Yuka Tsukagoshi


Rain keeps falling on the mud-colored river
(Assuming the backdrop takes light and dark alike)
Raindrops keep falling from the edge of the rock roof
Hitting my arm
To the magnificent music
Of the rain
And the swollen river before my eyes
Inch by inch the sound of my arm
Floats silently
As if darkness swallowed a secret now gradually wandering

The skin peels
A gray birth swirls
(No    I don’t believe that)
A drop tearing away from my pulse
Emits light like a peach – Is it because
It seals a memory of an evening shower?
(Conspiracy of meat    flood of oils)

Last summer
Boys were jumping into you    my river
You couldn’t adjust to the sudden scent of sea
The partial intrusion
And just ran away timidly
Now you only accept the rain, is that what you’re saying?
Loosely trembling body, a lolling tongue
Dig deeper and deeper    No blood comes out    Just mud
Carrying a roaring voice
That sounds like licking the trail of a crowd
The river dilutes itself
In decent brown

Come off
Without ascending or descending
The earth
Given its shape at last
Waits for the rain to come many years later







I think of a silkworm
I killed a long time ago
Before I could find out which side was its face
It died, leaking a liquid the color of mulberry leaves out of its body
What did I do with it after that—
Bury it?
Just leave it there?
Despite not knowing which side was its face

Déjà vu

My boss Mr. Tanaka
Quickly enters names in a spread sheet with work shifts
Open on his desktop
Small square spaces
As if he’s putting a silkworm in each one
Now I take myself out of my body
And crumple myself up into a little ball

“We never talk about us.”
“We never talk about us.”
Someone forcibly covers my ears

Wooden boxes are hung from the ceiling
In those
Countless segmented tiny square chambers
My aunt throws curled-up silkworms

It’s not so bad to sniff the mixed smell of
Those wooden boxes    dust
Mulberry trees
And cocoons
Smelling like my aunt
In wooden buildings
Hung here and there
The silkworms are crammed in
Like residents in an apartment building

Odd toys they are
For me, mulberry leaves
And the pinky-finger-like silkworms that eat them
Nihonhei no tameni ianfu toshite kyousei sareru
“Be forced to serve as comfort women”
While I fixated on the dictionary example
In Excel on Mr. Tanaka’s computer
Five meters away from me
My silkworm lay around
Bite your bottom lip to pronounce the “f” of “forced”
On your ripe and juicy hindsight
On your dried and center-chapped hindsight
Please, please do bite!
Did you make a habit of
Pretending you don’t listen?

All right, let’s go
I murmur
Having never asked
“Silkworms will
Turn to cocoons
And you spin them into thread
And then what?”






The day when clouds look like scrambled eggs
The leaves, no matter how complex
Won’t cover the sky
Magnified like thousands of sunbeams
Reflecting on the surface of the ocean

I just can’t draw the Statue of Liberty
“What was it she held in her hand?”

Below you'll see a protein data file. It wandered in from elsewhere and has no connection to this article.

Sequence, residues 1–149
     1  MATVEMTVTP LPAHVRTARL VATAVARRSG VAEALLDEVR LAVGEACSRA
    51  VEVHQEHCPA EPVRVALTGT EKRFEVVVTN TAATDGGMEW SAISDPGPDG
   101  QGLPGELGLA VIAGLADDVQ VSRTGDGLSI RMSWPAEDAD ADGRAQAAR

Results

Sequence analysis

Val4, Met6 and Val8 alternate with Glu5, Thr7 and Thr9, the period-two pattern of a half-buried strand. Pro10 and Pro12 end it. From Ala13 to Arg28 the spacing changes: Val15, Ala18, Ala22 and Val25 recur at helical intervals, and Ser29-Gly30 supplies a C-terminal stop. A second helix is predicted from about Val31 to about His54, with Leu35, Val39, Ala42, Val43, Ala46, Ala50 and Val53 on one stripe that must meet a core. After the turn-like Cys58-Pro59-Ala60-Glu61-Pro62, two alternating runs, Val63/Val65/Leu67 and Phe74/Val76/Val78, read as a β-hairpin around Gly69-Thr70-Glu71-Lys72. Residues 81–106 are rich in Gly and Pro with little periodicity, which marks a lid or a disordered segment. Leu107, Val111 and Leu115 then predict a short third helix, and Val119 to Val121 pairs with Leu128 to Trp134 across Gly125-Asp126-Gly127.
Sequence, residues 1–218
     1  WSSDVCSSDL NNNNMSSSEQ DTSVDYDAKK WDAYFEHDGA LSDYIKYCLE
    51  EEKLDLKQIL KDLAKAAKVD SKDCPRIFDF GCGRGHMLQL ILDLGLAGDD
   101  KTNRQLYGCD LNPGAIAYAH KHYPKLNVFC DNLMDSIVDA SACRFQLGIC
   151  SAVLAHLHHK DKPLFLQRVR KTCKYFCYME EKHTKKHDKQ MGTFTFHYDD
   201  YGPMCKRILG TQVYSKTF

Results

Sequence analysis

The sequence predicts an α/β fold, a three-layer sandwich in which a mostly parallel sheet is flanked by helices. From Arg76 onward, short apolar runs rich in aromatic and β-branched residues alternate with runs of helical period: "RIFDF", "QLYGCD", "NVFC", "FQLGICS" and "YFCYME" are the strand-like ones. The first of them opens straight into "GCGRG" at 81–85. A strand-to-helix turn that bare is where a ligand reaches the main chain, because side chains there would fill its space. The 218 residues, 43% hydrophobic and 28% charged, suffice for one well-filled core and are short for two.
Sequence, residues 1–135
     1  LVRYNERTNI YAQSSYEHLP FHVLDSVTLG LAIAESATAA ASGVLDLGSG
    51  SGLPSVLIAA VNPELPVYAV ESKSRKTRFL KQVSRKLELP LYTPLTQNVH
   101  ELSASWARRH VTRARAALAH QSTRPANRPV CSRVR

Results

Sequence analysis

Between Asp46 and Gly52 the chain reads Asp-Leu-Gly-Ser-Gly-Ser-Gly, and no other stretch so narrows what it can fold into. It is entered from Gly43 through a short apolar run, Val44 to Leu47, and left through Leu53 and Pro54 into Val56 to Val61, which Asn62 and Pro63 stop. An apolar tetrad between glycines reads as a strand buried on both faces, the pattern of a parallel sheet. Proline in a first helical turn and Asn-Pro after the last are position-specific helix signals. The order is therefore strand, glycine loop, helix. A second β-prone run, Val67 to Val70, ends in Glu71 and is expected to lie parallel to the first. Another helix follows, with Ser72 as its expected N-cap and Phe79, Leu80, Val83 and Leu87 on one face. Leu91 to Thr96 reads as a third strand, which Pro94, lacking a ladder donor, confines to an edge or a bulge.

The street lights start running
To the next station
To the next town
With discreet smoothness
Like fish bones placed on a plate

A waitress starts playing the piano in a café
In candlelight melted under the weight of the night
She hunches over the score
Yes, exactly the way
She cooked meat five minutes ago

I leave the café
Leaving a paper napkin covered with failed sketches
On the table
Together with the quivering coffee cup
And a one-dollar bill

Slightly lighter darkness swallows me at once

The sketches remain on the table
Even after the song of light hollowed out is finished
They will merge with thin layers of time
Then be lost
Before she finally picks up the tip

Shops lined up in front of the station
Whisper to look through the hole that lies ahead
Like the thin eye of a cat

A rainbow
That looked like a big log
Pierced the buildings
Midway on 42nd Street

If someone asks me
I will answer for sure I didn’t see a thing






Placing a dead body
Rolled up like a ball of chewing gum in a drawer
I form its contours with my lips
The sun will not reach here
(As if by losing one person
You had lost everything)

Candlelight on the table
The frame of my glasses rests heavily on
My nose –
Darker and darker
A sluggish glaze like the shell of a beetle

Slowly I throw myself into the candle flame
And gradually burn
My body getting colder
Making sure nothing will remain
I use all my imagination
To let my skin grow impoverished and melt away
My bones tangle like white strings and disappear
And even my mind becomes ashes
Fluttering and falling on the far ground    blending in

The cemetery is inside the drawer
But the dead body remains within me


Translated by Yuka Tsukagoshi & Eric Selland.




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Yuka Tsukagoshi is a poet and translator. She has a degree in English from Dokkyo University and studied literature and creative writing at SUNY New Paltz. Her book When Clouds Look Like Scrambled Eggs, published by Shichousha press in 2008 was nominated for the 59 Mr.H prize. Her work was also included in the anthology 310 Poets on Air Raids (Coal Sack Press, 2009). She gives readings of her work at Tokyo venues and often works collaboratively with visual artists in gallery shows and live performances.

Eric Selland is a poet and translator living on the San Francisco peninsula. His translations of Modernist and contemporary Japanese poets have appeared in a variety of journals and anthologies. He has also published articles on Japanese Modernist poetry and translation theory.  He is the author of The Condition of Music (Sink Press, 2000), Inventions (Seeing Eye Books, 2007), and an essay in The Poem Behind the Poem: Translating Asian Poetry (Copper Canyon Press, 2004). Eric is currently editing an anthology of 20th century Japanese Modernist and avant-garde poetry.



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